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NOTES AND JOTTTNGS.

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NOTES AND JOTTTNGS. ■v;vJffore Mud. iz*& fcfC Last week*;t*J £ ventured upon a gentle complaint about the mud. In our corres- pondence coump this week we publist.,A ,» letter showing- one way iip fjjtE- streets can "be bettered. Bat io the ir^ean* time the mud.ii still with us. Mud carts Jhaye, durinhe weej$,Jbee.q Irying^.to av i Remove it; roaqmet,, h e'been rakin in heaps btfot-eshop premises and traps a, iband carts hai"esplashed% oyer shop win- cldws and peo'$l £ s clothed* One fine-look- ing mud heap in Market-Street, which the roadmen had scraped ready for cartmg away, was dashed into by a steam engine and flung in patches each side of the road. "Frantic signs were signalled to the driver of the engine to avoid the heaps, but in vain. The mud mounds were spread over half the street, and it was impossible to avoid them. There was not enough stiff- o^ss in the composition ol the mud to stay where it was heaped by the man with the rake. It persisted in going ex- ploring, and in performing contortions on the face of the street. No. Rak- ing. scrapitig.,And carting v. ill not cure Rhos of its myd. The complaint is too, jdetfp-seated for,such superficial treatment. You cannot stroke away a bad complaint., Why, in an hours time, the scraped por- tions of the street are as bad as ever. The mud oozes up out of the very ground. There are, certainly, ways to successfully grapple with the mud question. The Parish Council cannot grapple with it. f" For more than ten years the mud problem has defied the acutest of out Councillors, and the District Council seem to fare no j ¥ t>etter. Why not take the plunge and go in for Urban Powers? We have been shivering on the bank for a long time. A bold decisive step and the deed is done. Anything is indeed better than the tin-pot method of doing things that the confined and limited powers of a Parish Council gjve. A Parish Council is alright for Villages and hamlets ol the Tainant de-| tion, but when a populous place li Rhos, with its twelve thousand popular tion, has to knuckle under to a prejudiced District Council, or to summon twelve able-bodied men to deliberate how best t<?:' repair a broken stile, the whole thing is* nothing less than a farce. Even the', Conncillors themselves feel that it is high- time to end matters and m^re than one itieraber has cteCided to refrain from seek ec i Ií 2XL?b, Sates. ,t :™ The distribution of the half-years rate papers has n a howl of indignation frpm that nlnt respected citizen-the iatepayer. VVhh a worried face he has consulted the rates of other places for the .sake of In the Oaily News Year Bock !>-e tfnrK'ih-it the Tate of the City of London is only 6s 9t. whilstthe rf* t e s of Rhos amounts to 9s 4d. He then consults b.> ratepaper again and jfiods that with^ tbe special sanitary rate, the total rates for the ensuing year will foe somewhere? yrear los. Then does the citizen sit hirnt*e'f down to think. He cannot pace ;t .,teets to think, for he does not care to \1,jiK ankle deep in mud. Besides the m;ud would remind him of a special sanitary r-ite, and who can think Glady whan ->i>ses.sed with such a de- pressing thmtf. To avoid a brain storm then, our c uzen sat down to think. •r^irst of a-H h toyed with the ratepaper, and thought of the many pounds he had paid for the right to live. Then he con- --jured up this- benefits he enjoyed for the money. He paid a poor rate, and gave innumerable coppers to the pooty as well, as contributing to the chapel poor fund, and investigating in draw tickets, raffles, 'effcriiths, organ recitals^ concerts etc. -UnLier the tame mis- sionary cards," and movements" of all kinds, from a testimonial to local celebrity to a subscription to the local Liberal As- -snrlnti^n. 1 he" education rate he passed with an approving nod, Q^if.Uj 0°t so bad The. fighting rat^ tie tolerated. The light wa'f^ntiroi th^ise^t, true, but still there \iraf lk sort 8* r^Uf" for bis ifjoney. Theii h!e canie to ■ the riidst b;iftlig item of all-the special sanitary rate. Here he failed to make headway in ihis diagnosis. To him the word sanitary -had no meaning, and he failed to keep the thought of mud away at this juncture. tAssociation- of ideas kept the words sanitary and mud" together. They Stuck. At last, in despair he thought he "ivouii-i consult a iriend about it. Putting joo his lat he sallied forth. He had, how- ever reckoned without his host. He saw not hisifSend that night, for he got stuck in the rrfbd half way. j.r A Gooi Start, The newly-formed League of Young Liberals have made an excellent start. They lv-ve tackled the question of high rates. That is, they have put their li 'eads together in committee and have come to the conclusion that for the benefits receiv- Apd, the rates are ridiculously high- They i ■« "n; then straightway invited the,. Parish I Council and the Liberal Association to a conclave, where they eould discuss the matter. We "hail !s !y to hear what plans will be tormed by the joint efforts of the three bodies. "They may hit upon a worthy scheme, and possibly have the energy to carry it out. But the phantom of the past is a grim creature, and very hard to shake off. in ft are engulphed many Lost Causes. The Nurse Fund is one, the Osborne Morgan Memorial is another i, and Urban Powers :is,' third. All three could have been carried.to a successful concluston, but for ,in ere the did Rhos failing of drooping interest jbr. as" th^ phrenologist would *sfay*" lack 'of continuity." The Young: Leafpae.can, however, profit by the'failures'of "t to past. Let ft determine that ire- solve ^t^ycarry Mrbugfe^ Jtet them prove that they are able to act as Well as think. If they do this they will accom- plish much. the problem they have taken in hand is one which has hitherto defied solution, rand it will be,aigreat achievement if they bring it to a success- ful issue. x i. ,K Mr Qore's Esplaaatioa, In giving an account of how he won the Denbigh Boroughs, Mr Ormsby:Gore M.P., says that the greatest force hO, had to work against was the personality of Mr Lloyd George. He Cuether added ti,fat--Liberalism in North Wales would be much less strong with the passing of Mr Lloyd George.-—-Whilst the personality of Mr Lloyd George has hadmuchlto do with the quickening and awakening of Liberalism in North Wales, it is far from the truth tb^ Liberalism hereis depend- ent upon Mr Lloyd George. Liberalism in North Wales was strong before Mr Llovd George entered Parliainent, and is likely to be strong when his wonderful personality nojonger inspires the princi- pality. No. A much easier answer can be giyeo to explain how the seat was won for Mr Gore. And the explanation would h rt be c<mipletl Without the inser- tion of the word 44 barrel."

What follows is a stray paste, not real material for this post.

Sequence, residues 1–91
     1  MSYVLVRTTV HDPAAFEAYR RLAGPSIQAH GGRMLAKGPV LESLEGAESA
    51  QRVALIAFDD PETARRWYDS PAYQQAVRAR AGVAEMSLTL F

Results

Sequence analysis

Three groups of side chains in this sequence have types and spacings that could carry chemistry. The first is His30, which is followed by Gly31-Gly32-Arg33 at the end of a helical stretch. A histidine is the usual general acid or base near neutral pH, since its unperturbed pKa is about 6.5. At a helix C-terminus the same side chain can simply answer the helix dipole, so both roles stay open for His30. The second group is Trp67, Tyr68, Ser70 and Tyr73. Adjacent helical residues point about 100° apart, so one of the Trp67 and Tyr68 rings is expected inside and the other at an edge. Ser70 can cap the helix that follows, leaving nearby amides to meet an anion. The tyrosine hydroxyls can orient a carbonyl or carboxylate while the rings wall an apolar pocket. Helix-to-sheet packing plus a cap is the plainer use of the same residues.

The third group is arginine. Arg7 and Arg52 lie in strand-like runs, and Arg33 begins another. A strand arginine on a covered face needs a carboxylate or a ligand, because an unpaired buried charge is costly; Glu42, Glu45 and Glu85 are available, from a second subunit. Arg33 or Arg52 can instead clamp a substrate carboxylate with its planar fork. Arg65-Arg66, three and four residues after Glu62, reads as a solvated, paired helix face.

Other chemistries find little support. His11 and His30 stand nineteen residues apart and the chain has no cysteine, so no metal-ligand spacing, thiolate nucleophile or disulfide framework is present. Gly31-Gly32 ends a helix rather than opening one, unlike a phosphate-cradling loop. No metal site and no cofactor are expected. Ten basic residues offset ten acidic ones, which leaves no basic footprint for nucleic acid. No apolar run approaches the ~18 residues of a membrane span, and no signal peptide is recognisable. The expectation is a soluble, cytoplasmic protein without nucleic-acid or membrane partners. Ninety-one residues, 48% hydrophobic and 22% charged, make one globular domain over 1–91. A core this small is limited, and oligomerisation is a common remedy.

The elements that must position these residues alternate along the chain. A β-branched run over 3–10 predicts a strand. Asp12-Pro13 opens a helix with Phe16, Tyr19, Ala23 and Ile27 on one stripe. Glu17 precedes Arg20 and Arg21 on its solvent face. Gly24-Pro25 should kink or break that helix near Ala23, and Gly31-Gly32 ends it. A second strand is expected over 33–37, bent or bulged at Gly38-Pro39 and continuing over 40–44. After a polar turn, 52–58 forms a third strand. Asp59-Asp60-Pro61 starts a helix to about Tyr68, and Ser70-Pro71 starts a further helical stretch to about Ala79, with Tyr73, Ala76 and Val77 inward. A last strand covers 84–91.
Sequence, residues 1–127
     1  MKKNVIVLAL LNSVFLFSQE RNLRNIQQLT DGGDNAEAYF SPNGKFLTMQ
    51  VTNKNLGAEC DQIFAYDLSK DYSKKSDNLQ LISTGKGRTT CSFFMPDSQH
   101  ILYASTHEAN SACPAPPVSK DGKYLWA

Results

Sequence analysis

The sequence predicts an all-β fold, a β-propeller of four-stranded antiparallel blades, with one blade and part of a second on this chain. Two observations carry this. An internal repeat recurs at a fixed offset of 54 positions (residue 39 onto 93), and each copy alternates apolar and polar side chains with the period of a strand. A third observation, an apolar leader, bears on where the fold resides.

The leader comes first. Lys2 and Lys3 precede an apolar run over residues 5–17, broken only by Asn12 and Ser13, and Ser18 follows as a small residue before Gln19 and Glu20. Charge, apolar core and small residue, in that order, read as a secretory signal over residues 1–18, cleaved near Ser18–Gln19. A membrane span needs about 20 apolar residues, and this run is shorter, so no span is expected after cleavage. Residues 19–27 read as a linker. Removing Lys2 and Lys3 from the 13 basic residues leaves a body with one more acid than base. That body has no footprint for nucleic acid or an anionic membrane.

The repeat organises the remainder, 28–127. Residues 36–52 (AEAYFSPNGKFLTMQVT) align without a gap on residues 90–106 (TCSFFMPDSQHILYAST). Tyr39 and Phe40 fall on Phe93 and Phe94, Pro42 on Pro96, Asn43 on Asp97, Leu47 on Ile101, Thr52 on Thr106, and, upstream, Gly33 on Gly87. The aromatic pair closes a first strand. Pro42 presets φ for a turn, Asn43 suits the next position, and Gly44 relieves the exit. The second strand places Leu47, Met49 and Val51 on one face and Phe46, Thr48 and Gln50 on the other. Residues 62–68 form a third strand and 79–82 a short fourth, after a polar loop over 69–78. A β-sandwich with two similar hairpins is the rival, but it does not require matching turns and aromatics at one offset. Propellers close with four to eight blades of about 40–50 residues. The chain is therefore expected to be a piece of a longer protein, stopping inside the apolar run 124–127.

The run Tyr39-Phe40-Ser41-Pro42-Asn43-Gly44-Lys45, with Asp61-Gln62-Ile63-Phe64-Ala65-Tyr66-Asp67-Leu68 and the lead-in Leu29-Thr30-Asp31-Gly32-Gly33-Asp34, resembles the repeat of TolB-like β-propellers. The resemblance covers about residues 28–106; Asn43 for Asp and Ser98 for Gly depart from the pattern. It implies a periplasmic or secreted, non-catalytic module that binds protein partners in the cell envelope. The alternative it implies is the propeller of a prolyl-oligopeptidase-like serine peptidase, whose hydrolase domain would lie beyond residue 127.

mo$:

^ RHOS MUD AND KATES. *

JOHNSTOWN.

FOOTBALL.

Doan's Investigations Continued.…